Harvard University professor Aaron Kesselheim quit in protest Thursday afternoon, calling the Aduhelm OK “probably the worst drug approval decision in recent U.S. history.” Kesselheim follows both Joel Perlmutter, a neurologist from Washington University in St. Louis, and David Knopman, a neurologist from the Mayo Clinic, out the door.

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David Knopman (Mayo Clinic via YouTube)

A sec­ond ad­comm mem­ber aban­dons his post in af­ter­math of con­tro­ver­sial ad­u­canum­ab de­ci­sion

As the fallout from the FDA’s approval of Alzheimer’s med aducanumab grows, a second member of the adcomm overseeing that drug’s review has walked away. But even with two experts now having resigned from that committee in protest, is there enough broad-level outrage to prevent another aducanumab from getting approved?

The FDA on Wednesday lost another member of its Peripheral and Central Nervous System Drugs Advisory Committee as Mayo Clinic neurologist David Knopman hit the exit over the agency’s decision to approve Biogen’s Alzheimer’s drug Aduhelm despite the committee’s near-unanimous vote against it.

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FDA au­tho­rizes about 10M J&J vac­cine dos­es, trash­es 60M more from trou­bled Emer­gent plant

The FDA on Friday released about 10 million doses of J&J’s vaccine for use, and disposed of another 60 million doses that were manufactured at the now-shuttered Emergent BioSolutions facility in Baltimore where cross-contamination occurred.

The agency said it’s not yet ready to allow the Emergent plant to be included in the J&J EUA, but that may occur soon. FDA came to the decision to authorize some of the doses after reviewing facility records and quality testing results.

Janet Woodcock, acting FDA commissioner, at Thursday's Senate Appropriations hearing (Bill Clark/CQ Roll Call via AP Images)

Sen­a­tors lam­bast new Alzheimer’s drug’s price but give Janet Wood­cock a free pass on the ap­proval de­ci­sion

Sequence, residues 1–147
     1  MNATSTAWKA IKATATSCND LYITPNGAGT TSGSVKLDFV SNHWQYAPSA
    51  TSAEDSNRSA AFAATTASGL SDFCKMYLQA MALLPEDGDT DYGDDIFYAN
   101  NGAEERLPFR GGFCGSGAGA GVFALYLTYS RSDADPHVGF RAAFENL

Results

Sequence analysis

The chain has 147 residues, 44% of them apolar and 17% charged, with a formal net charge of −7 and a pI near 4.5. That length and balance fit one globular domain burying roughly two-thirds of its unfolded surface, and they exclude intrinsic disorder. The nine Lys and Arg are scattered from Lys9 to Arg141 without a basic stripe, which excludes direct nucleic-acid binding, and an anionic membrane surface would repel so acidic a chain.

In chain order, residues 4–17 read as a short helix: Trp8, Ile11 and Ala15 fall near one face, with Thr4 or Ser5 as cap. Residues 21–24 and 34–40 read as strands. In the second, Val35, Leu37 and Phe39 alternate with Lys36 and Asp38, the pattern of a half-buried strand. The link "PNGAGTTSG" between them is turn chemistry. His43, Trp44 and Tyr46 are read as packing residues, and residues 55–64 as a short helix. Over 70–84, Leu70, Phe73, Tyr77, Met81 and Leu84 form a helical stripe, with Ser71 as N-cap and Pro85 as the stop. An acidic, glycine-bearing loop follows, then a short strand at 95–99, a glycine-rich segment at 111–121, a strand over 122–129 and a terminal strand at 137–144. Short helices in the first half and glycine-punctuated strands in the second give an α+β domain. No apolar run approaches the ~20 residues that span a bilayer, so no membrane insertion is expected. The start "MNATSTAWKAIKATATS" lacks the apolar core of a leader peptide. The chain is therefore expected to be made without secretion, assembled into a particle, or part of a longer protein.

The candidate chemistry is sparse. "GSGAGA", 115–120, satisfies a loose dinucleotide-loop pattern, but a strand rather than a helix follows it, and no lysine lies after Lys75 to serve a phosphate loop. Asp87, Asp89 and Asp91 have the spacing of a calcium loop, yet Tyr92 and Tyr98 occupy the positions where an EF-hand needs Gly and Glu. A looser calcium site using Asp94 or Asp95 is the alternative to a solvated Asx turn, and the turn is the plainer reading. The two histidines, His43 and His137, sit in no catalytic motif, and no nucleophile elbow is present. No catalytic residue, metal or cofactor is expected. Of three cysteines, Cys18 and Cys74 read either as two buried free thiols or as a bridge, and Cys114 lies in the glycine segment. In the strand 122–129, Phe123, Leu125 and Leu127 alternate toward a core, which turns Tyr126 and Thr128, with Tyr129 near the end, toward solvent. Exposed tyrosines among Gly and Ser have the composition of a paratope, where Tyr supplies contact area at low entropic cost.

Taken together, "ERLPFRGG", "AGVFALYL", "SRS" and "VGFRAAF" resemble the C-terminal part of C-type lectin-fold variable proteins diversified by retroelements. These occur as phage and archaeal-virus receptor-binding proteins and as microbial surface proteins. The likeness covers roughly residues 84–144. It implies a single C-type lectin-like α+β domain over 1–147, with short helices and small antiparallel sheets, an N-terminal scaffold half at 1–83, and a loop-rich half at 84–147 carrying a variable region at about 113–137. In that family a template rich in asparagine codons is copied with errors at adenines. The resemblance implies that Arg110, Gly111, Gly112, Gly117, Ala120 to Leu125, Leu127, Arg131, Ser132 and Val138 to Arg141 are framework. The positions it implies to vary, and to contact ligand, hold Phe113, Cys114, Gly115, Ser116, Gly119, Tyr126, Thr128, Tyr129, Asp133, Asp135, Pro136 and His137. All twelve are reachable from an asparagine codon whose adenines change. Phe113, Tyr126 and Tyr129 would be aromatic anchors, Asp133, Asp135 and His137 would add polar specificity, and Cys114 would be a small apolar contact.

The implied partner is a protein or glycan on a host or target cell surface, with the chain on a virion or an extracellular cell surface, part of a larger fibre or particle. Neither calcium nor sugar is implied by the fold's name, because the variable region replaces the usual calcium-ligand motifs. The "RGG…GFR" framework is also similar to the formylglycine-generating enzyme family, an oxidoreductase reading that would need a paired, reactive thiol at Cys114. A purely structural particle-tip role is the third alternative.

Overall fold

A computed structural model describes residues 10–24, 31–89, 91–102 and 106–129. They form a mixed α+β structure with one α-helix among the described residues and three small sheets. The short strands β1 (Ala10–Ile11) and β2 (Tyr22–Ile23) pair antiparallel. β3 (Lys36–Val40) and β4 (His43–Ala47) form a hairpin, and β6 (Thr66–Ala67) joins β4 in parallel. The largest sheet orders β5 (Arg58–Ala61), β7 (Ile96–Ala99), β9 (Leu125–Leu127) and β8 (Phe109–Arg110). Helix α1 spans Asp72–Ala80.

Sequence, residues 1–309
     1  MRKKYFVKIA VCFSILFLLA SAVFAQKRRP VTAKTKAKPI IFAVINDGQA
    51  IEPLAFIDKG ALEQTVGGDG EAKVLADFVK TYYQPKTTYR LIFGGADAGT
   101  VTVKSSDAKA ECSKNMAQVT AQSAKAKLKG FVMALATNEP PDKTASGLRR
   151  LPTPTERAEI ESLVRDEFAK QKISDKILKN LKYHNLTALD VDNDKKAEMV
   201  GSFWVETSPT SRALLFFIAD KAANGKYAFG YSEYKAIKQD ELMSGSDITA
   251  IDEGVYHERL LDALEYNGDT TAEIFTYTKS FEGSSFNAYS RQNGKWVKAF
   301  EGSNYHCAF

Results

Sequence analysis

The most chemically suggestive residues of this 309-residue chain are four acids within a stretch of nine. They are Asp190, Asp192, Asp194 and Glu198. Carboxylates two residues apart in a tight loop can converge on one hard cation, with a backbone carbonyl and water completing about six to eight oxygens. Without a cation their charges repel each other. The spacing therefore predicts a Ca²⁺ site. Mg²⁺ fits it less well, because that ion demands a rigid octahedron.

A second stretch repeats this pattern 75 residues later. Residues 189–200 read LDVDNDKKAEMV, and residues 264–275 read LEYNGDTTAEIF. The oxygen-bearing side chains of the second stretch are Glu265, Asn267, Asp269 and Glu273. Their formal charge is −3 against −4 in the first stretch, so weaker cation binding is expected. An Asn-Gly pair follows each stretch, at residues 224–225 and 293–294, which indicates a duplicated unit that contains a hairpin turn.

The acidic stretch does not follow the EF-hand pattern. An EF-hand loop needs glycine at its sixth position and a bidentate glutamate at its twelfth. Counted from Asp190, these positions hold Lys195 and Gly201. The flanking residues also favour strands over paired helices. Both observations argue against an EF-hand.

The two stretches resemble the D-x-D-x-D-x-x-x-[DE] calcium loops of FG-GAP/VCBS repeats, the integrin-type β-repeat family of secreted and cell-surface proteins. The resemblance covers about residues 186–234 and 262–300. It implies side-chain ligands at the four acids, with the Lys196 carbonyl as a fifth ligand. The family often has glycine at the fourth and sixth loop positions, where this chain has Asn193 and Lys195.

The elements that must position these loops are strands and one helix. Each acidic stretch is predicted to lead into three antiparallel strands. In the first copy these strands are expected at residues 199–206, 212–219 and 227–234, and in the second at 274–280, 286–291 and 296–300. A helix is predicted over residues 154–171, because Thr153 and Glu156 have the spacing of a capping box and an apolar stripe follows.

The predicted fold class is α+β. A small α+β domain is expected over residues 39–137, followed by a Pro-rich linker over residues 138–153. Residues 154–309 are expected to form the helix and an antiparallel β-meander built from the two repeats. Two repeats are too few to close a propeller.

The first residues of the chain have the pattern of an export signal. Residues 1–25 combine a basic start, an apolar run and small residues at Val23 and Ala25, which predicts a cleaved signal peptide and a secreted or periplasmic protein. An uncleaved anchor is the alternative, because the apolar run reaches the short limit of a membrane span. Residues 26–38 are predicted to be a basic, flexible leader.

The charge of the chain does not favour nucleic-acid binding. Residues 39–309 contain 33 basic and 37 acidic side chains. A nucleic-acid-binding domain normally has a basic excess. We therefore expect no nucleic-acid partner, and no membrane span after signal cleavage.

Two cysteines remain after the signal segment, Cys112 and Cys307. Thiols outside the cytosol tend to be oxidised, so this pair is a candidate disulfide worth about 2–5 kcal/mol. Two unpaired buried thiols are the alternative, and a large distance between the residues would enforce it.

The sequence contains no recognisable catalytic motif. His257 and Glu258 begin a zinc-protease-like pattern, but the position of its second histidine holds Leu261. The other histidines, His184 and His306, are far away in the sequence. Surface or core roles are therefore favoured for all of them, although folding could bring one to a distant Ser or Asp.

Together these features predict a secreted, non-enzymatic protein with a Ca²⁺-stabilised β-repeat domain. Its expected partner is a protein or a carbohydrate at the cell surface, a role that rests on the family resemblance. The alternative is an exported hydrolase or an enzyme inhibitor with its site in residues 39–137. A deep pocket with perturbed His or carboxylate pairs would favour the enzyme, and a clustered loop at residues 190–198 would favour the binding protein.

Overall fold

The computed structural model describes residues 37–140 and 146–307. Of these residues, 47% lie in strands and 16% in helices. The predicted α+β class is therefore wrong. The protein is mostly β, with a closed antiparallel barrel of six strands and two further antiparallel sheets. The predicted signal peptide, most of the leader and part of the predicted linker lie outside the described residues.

Senate Finance Democrats took aim at Biogen’s pricey new Alzheimer’s drug on Thursday, but members on both sides of the aisle at a separate appropriations hearing didn’t question acting FDA commissioner Janet Woodcock on the approval.

“I was appalled that Biogen priced their Alzheimer’s drug approved by the FDA at $56,000 per year — I’m not going to debate whether this is effective or not, but it’s double the household median income for Michiganders over the age of 65,” Sen. Debbie Stabenow (D-MI) said at the finance hearing.

Reshma Kewalramani, Vertex CEO (BIO via YouTube)

UP­DAT­ED: Ver­tex strikes out on its lat­est big shot at a rare ge­net­ic dis­ease. But they're go­ing to keep on swing­ing

It’s been several months since Vertex culled one of its small molecules for alpha-1 antitrypsin deficiency (AATD), taking a big hit after evidence of liver damage surfaced in a key Phase II trial. Now we learned that the company has whiffed on its second shot, and there’s nothing left in the clinic to treat the rare genetic disease — but that won’t stop it from trying.

Despite avoiding the safety issues that plagued the last candidate, Vertex $VRTX is taking the axe to VX-864 after Phase II results revealed the magnitude of the drug’s response is “unlikely to translate into substantial clinical benefit.” As a result of the news, the company’s stock fell 12.5% after hours.

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FDA plans new stud­ies on ac­cel­er­at­ed ap­proval dis­clo­sures in bio­phar­ma ads

When people read biopharma companies’ websites about new drugs approved via the FDA’s accelerated pathway, like Biogen’s new Alzheimer’s drug, do they understand that these drugs may only be reasonably likely to predict clinical benefit and still require confirmatory studies?

That’s what the FDA’s Office of Prescription Drug Promotion wants to firm up as an agency analysis of direct-to-consumer websites for accelerated approval drugs previously found that only 21% of the disclosures used language directly from the label.

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As it ex­pands its foot­print, Mod­er­na reach­es deal to man­u­fac­ture Covid-19 vac­cine dos­es in Mid­dle East

While the UAE leads the world with the highest percentage of residents vaccinated, neighboring Saudi Arabia — home to nearly 35 million people — has lagged behind significantly. On Friday, Moderna announced that it has partnered with the Saudi pharmaceutical company Tabuk to manufacture its jab and future variant-specific boosters in the country.

Tabuk will hold marketing authorization for the vaccine in Saudi Arabia, and the agreement gives them the possibility of distributing future Moderna mRNA products.